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Saturday, April 13, 2024

Rockstar's Crunch Controversy and the Rest of the Week in Games

This week in games, we've got more news on the industry's ongoing labor problems and the messy relationship between art and capital. Making things is hard—and making them with integrity and care for all the people involved, at least when money and bosses are involved, can be a lot harder. Let's take a look.

Rockstar's Work Week Is, Allegedly, Nothing to Joke About

The big news this week comes after Dan Houser, VP at Rockstar Games, claimed in a reported piece at Vulture that some members of the team developing Red Dead Redemption 2 had worked 100-hour weeks to ensure the game shipped on time and on target. While Houser framed this as a bit of a boast, the increasingly labor-conscious games press and community took it, rightly, as an admission of guilt. 100 hours is too much time for anyone to work, at just about any job.

Since then, a number of Rockstar employees have claimed that it's not true, and Houser himself has modified his prior statement; still, it's not a good look. Whether or not Rockstar's version has evolved over time, crunch remains a big problem—and nothing to brag about.

Another Company Might Be Finishing Telltale's The Walking Dead

Moving from labor issue to labor issue, Kotaku reports that Skybound Games is working on a deal with the late Telltale Games to finish the final season of The Walking Dead—news that's either promising or troubling, depending on how you look at it. Swooping in to finish the work of people who got laid off is generally not considered a very pro-employee thing to do, and even if it's intended in the most innocent way by Skybound it still emphasizes the ugly messiness of the entire Telltale Games situation, and the need for better worker protections in the industry.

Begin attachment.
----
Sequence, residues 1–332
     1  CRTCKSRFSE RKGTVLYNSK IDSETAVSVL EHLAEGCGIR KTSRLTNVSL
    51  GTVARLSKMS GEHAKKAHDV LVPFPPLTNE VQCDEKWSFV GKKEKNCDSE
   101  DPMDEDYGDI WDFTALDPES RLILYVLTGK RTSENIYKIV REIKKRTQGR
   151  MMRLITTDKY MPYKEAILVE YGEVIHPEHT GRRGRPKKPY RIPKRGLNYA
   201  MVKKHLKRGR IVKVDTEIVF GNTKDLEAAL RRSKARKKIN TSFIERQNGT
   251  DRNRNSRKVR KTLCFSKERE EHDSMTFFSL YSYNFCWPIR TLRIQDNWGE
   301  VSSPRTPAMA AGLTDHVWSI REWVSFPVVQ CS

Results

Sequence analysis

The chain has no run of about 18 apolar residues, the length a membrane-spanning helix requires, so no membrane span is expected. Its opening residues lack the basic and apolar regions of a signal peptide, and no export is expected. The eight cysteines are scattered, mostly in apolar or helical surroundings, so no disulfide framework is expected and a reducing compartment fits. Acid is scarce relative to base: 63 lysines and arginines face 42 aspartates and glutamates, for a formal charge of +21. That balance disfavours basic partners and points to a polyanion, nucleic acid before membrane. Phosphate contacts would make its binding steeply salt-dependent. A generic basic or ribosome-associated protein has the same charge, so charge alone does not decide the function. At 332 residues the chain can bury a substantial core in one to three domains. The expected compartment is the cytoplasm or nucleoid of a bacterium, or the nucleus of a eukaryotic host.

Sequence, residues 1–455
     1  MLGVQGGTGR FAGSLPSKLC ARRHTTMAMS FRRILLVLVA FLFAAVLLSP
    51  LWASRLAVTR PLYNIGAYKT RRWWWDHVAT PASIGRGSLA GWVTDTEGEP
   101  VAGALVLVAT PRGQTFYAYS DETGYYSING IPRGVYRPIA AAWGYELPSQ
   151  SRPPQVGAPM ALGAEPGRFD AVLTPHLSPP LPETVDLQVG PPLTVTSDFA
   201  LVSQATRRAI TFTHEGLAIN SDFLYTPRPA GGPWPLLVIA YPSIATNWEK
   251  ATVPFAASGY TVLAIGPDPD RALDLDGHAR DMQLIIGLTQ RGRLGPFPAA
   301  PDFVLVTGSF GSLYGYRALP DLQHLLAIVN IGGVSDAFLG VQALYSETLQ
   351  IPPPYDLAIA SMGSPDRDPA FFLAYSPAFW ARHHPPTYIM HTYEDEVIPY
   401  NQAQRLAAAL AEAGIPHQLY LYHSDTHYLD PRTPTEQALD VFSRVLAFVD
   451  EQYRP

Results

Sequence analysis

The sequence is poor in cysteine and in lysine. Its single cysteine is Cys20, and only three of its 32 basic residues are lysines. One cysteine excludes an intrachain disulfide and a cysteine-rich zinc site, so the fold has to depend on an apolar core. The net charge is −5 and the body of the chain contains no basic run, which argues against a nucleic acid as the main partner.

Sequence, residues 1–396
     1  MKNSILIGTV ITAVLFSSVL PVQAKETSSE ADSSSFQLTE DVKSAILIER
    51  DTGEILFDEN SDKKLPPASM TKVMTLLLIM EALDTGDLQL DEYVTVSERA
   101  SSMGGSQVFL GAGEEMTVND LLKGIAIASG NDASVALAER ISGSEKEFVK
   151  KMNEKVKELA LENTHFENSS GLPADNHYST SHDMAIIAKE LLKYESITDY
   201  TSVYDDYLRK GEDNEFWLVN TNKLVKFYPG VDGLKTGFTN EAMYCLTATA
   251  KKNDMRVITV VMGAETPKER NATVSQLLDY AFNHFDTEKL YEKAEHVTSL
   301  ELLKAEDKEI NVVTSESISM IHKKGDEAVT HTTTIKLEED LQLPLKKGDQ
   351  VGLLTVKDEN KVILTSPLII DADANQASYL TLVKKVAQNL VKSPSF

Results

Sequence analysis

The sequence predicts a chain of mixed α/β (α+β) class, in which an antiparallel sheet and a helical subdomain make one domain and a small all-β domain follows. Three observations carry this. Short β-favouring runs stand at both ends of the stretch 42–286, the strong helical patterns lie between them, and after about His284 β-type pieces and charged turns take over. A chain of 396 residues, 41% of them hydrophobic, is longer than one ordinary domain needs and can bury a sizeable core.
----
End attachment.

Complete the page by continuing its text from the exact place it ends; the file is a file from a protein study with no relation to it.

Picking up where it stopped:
But according to Kotaku, that may not be how this deal goes down, and that Skybound Games could actually re-hire former Telltale devs to finish their own work, which would be a pretty nice thing to see. It's not severance pay, but it's something.

Love Indie Games? Love Commercialization? Loot Crate Has You Covered

The newest entrant in the indie games marketplace is Loot Crate, which now offers "Loot Play," a new curated "box" of five indie games a month. Loot Crate is one of the biggest purveyors of randomly assorted pop culture goodies around, and this turn is another sign of how heavily commercialized the indie games space has become (or, possibly, always was). Art is, really, just another commodity to sell in packages along with stickers and action figures and kitschy t-shirts. I can't begrudge anyone for selling out, people have to get paid, but it's still more than a little strange.

Recommendation of the Week: Call of Duty: Black Ops II on PlayStation 3, Xbox 360, & PC

Call of Duty: Black Ops 4 hit shelves last week, but if you're hankering for a solid fix of the franchise, I might actually recommend a trip back to 2012. Black Ops II is a strange, fascinating game, elevating its unusually ambitious singleplayer campaign with a surprising amount of player choice. The action stretches from the '80s, in full late-Cold War glory, to a speculative and disastrous future. The Black Ops series is Call of Duty at its most grim and its most over-the-top, but Black Ops II makes both of those looks work for it. (The multiplayer is really solid, too.)

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